Obama Calls for Credit Card Reform

In his weekly internet and radio address today, President Barack Obama called for on Congress to pass a credit card reform bill that would “stop credit card companies from imposing certain late fees,” by Memorial Day.¬†

Coming in on the side of consumers, Obama said¬†that “it is past time for rules that are fair and transparent.”

“Instead of an ‘anything goes’ approach, we need strong and reliable protections for consumers. Instead of fine print that hides the truth, we need credit card forms and statements that have plain language in plain sight, and we need to give people the tools they need to find a credit card that meets their needs,” he said in his weekly radio and internet address. “And instead of abuse that goes unpunished, we need to strengthen monitoring, enforcement, and penalties for credit card companies that take advantage of ordinary Americans.”

President Obama also said that Americans “have a right to not get ripped off by the sudden rate hikes, unfair penalties and hidden fees that have become all too common to our credit card industry.”

Watch the video here:

With so many consumers struggling in the recession, many under mountains of debt and the economic picture not improving, Congress can’t afford to wait on passing this legislation that will help consumers rather than allow credit card companies to continue to make bank by “misleading working families.”

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One Response to Obama Calls for Credit Card Reform

  1. Paul Lehto says:

    A comment based in large part on my decade or so of past experience practicing consumer protection law:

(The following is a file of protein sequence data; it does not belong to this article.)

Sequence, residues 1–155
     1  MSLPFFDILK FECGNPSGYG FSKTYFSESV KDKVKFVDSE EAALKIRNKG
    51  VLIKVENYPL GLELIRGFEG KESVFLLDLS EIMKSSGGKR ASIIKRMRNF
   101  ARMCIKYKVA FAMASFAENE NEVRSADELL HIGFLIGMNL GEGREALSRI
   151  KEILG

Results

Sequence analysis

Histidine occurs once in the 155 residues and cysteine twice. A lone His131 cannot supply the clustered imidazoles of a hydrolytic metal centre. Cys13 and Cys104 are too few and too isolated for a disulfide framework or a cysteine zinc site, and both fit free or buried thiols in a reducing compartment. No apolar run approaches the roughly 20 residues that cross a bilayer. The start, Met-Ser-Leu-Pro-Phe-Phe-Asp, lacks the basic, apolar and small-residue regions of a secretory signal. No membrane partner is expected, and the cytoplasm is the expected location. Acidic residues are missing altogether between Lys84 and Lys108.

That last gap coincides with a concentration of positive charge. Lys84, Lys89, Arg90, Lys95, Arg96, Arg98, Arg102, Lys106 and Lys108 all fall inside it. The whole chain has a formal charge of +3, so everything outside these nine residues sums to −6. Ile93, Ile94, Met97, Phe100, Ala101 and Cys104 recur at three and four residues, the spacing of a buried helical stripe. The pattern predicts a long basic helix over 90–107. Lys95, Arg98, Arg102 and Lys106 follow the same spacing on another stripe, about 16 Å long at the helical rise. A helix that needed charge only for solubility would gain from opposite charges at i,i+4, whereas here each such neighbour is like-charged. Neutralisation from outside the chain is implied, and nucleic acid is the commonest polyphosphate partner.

Transparency, while critically important, at bottom only provides data or information, and eliminates secrecy and surprise. That’s necessary, but not sufficient at all.

    The entire sub-prime market is based on people who mostly can’t qualify for reasonable terms and are forced into usurious terms at varying levels of unconscionability. For years, the Fair Credit REporting Act has required bold disclosures of the true cost of the credit, including all fees that are really disguised interest, so that the consumer is either informed on a basic level of the true cost of the credit or else (if there’s nondisclosure) has a cause of action to sue.

    Transparency (data) is like a clean windshield on a car, and clean windows on all sides, allowing us to know what’s going on. But without a steering wheel, gas pedal and brakes, or the POWER to do something about the information we receive via “transparency”, we might, much like someone caught on a railroad train track in front of an oncoming train without a working steering wheel or gas pedal, rationally prefer non-transparency to the horror of having information and not being able to act effectively upon it.

    I support the transparency, but whether the bill is substantially improving things depends on the remedies and options consumers have in real life, not just in a better awareness of just how badly they’re being taken to the cleaners by banks.